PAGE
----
Originally titled "Quarrel," "The Event" was written in 1962, and is plainly a commentary on Plath's deteriorating marriage to Ted Hughes. It was written following a visit from Assia Wevill, the woman Ted would eventually leave Sylvia for. During the visit, it became clear to Sylvia, who had just given birth to her second child, that there was a romantic connection between Ted and Assia.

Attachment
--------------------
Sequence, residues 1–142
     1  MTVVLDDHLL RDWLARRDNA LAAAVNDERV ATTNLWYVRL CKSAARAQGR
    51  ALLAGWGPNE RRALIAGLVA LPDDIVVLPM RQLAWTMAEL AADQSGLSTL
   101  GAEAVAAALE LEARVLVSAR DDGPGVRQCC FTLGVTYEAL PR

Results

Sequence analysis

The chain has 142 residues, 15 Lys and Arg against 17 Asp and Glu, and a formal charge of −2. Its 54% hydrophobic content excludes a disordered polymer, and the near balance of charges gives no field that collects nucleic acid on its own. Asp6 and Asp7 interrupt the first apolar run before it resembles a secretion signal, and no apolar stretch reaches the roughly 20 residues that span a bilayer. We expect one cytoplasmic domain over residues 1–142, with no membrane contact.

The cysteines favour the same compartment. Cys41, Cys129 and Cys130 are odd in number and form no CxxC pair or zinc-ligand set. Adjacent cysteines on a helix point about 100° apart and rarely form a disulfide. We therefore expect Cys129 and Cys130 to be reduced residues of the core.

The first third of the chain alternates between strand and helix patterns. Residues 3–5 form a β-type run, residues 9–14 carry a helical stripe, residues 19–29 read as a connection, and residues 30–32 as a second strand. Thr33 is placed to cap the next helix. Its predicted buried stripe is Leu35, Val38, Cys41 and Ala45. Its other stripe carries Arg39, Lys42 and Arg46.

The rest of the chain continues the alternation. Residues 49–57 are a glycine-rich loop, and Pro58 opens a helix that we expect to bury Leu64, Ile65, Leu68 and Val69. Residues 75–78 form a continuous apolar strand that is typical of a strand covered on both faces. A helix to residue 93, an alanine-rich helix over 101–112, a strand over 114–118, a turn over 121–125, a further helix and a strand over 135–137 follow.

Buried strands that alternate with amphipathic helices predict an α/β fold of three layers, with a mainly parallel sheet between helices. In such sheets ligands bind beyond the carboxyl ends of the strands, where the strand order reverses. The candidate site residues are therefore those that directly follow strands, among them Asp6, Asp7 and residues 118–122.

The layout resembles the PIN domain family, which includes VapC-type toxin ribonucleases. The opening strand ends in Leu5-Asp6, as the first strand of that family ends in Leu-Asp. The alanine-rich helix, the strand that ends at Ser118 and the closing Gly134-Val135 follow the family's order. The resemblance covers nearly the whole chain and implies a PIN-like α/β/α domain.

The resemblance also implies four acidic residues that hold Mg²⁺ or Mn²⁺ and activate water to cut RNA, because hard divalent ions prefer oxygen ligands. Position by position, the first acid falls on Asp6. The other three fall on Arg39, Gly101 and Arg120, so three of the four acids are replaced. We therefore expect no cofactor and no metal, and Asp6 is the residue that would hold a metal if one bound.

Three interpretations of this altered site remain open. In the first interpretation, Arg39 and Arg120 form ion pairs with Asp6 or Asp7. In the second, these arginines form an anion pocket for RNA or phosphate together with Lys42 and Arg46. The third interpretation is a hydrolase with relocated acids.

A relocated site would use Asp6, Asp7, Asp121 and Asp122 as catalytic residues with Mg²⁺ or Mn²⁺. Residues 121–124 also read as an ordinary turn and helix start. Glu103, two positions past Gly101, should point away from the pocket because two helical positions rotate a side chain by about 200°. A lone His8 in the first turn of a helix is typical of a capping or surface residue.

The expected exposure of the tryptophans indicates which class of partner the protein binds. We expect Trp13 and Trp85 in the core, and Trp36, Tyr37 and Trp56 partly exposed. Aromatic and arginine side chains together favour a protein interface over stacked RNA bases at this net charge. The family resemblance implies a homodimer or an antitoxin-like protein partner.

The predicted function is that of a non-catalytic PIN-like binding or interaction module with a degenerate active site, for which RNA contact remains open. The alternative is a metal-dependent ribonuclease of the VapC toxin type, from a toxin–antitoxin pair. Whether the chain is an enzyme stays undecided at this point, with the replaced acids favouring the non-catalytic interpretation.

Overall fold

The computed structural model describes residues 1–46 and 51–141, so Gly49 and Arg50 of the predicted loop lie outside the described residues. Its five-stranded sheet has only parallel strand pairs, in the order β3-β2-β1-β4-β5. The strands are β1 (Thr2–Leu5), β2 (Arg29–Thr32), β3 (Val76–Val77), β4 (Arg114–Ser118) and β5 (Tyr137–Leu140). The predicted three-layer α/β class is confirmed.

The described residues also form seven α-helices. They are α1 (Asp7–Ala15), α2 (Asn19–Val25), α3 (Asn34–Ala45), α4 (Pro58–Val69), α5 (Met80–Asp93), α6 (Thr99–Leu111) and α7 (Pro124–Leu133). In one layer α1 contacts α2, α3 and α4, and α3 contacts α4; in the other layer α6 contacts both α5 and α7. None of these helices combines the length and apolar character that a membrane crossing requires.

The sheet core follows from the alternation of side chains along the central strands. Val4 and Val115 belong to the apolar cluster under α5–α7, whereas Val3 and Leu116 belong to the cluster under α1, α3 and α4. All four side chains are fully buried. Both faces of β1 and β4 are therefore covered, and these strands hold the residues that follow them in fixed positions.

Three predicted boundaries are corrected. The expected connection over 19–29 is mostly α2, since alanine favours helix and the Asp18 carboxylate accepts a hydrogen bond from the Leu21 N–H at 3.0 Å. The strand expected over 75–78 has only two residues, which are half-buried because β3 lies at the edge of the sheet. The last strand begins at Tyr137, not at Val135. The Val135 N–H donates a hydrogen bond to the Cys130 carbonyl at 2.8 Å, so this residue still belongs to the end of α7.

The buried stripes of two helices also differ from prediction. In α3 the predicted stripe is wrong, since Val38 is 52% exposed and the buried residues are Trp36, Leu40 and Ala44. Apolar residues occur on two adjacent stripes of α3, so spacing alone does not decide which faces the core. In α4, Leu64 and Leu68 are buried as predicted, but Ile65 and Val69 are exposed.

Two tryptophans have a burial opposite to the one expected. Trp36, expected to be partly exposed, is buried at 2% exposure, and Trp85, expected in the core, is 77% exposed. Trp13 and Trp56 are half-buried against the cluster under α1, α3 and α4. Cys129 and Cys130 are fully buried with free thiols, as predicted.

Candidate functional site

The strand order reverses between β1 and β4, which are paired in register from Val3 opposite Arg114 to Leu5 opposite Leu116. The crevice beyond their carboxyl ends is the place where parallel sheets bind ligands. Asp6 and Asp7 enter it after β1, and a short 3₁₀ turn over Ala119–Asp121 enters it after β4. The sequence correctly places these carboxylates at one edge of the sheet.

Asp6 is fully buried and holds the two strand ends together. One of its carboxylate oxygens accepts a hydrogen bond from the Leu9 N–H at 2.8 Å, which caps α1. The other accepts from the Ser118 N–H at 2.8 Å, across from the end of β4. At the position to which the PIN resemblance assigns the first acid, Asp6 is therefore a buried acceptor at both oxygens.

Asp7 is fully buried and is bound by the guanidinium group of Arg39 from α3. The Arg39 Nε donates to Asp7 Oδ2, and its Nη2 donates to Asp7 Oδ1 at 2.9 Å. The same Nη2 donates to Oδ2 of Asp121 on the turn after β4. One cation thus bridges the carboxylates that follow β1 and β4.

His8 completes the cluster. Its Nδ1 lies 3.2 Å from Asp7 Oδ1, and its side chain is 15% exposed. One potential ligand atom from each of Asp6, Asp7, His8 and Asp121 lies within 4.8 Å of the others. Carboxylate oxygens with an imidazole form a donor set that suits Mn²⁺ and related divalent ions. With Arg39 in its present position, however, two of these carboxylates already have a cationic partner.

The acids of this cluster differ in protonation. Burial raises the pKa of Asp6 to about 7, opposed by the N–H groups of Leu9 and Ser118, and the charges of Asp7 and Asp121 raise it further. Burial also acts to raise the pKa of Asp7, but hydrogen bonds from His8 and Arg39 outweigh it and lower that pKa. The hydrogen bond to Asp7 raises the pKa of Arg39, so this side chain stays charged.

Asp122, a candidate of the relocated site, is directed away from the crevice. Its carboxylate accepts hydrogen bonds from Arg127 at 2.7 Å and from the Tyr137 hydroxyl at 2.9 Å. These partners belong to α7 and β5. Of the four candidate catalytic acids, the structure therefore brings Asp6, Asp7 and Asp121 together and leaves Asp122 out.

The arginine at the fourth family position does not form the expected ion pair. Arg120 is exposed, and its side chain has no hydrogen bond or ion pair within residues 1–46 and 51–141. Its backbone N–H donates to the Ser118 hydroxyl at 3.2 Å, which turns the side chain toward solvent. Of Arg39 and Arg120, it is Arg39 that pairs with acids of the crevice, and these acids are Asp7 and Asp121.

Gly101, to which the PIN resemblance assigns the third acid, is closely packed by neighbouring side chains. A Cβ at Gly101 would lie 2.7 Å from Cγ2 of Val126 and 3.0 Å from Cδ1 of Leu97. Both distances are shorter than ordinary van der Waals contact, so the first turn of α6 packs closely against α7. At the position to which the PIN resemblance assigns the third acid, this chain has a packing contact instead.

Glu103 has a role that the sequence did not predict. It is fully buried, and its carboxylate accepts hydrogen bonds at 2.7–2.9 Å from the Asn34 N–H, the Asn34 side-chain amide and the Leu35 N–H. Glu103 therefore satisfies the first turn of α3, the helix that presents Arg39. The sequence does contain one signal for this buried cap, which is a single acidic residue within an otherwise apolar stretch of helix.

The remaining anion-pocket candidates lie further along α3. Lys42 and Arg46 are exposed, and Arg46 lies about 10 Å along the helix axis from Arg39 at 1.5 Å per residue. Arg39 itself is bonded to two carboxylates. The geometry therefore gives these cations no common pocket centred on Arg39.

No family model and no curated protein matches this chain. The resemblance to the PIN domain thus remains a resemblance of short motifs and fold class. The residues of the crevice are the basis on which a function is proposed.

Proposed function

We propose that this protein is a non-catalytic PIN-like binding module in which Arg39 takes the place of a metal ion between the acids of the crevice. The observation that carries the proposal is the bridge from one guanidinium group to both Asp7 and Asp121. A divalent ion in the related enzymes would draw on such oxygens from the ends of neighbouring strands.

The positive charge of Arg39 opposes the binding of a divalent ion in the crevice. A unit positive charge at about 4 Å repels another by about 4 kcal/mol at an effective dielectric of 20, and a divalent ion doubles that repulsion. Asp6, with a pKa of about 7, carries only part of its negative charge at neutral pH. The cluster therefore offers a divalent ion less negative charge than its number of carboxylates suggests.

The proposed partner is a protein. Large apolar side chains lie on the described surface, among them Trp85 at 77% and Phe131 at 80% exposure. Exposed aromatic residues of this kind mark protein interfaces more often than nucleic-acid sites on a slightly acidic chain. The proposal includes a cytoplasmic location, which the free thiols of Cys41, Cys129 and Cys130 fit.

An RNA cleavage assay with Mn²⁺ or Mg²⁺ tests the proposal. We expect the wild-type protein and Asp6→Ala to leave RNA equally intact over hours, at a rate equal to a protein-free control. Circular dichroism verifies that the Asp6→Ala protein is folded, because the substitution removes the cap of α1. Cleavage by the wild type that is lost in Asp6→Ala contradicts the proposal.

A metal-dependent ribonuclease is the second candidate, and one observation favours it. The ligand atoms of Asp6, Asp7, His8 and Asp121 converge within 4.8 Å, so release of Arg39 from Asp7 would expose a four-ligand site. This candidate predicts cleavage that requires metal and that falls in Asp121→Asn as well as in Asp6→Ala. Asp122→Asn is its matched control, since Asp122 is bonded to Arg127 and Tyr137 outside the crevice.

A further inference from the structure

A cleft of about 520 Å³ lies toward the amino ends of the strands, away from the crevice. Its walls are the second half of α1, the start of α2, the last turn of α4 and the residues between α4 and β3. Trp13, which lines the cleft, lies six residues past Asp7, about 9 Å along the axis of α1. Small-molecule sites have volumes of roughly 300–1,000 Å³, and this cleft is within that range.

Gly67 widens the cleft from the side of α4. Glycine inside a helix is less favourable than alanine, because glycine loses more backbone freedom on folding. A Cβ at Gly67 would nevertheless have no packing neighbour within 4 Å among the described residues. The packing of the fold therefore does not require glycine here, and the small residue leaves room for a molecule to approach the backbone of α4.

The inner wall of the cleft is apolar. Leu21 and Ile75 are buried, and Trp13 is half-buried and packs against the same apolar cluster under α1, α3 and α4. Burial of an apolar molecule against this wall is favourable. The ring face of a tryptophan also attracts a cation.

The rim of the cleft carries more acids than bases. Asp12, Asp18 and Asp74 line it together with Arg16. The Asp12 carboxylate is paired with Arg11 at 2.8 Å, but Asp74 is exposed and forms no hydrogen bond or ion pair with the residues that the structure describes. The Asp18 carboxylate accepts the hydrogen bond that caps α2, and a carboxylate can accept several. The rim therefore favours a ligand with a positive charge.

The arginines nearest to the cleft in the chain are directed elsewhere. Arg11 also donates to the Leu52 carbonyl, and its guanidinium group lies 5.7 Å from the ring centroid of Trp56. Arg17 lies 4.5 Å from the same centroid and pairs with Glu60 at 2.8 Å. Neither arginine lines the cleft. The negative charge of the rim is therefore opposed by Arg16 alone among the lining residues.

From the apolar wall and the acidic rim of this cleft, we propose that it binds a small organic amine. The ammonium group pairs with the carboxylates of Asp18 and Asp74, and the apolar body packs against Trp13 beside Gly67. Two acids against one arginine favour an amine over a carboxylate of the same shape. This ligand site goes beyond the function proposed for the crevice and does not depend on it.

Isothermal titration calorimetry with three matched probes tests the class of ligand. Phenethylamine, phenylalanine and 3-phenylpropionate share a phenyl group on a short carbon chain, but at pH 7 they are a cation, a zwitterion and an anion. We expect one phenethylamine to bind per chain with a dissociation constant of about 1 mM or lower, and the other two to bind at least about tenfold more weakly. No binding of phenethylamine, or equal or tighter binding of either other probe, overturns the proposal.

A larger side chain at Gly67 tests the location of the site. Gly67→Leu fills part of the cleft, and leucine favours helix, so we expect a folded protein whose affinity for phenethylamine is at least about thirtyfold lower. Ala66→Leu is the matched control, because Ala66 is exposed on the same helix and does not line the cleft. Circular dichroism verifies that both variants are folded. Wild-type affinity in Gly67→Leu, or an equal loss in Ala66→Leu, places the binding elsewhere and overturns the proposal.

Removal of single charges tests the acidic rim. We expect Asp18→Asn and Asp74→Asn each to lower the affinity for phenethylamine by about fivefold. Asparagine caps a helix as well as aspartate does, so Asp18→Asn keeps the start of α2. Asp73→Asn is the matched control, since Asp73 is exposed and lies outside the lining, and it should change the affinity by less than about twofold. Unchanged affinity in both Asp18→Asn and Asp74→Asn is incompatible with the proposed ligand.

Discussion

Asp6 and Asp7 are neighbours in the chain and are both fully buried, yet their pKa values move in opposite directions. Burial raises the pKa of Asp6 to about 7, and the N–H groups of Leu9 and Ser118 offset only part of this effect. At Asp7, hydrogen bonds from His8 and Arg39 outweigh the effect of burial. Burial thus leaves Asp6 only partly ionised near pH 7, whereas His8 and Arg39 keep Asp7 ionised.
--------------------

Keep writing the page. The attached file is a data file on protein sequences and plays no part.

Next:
The poem uses nature imagery to describe Plath's feelings. Her marriage is a "chalk cliff," her baby's face is "carved in pained, red wood." The poet walks in circles, her footsteps making "a groove of old faults, deep and bitter." Her soul is like "a small white maggot," and she wonders "who has dismembered us?"
Hughes felt the poem violated the "rules" in that it spoke too plainly about her unhappy marriage. It is true that the poem is visceral in its depiction of emotional helplessness, but it seems an almost involuntary reaction to her failing marriage. "Intolerable vowels enter my heart," Plath writes, and presumably they had to come out.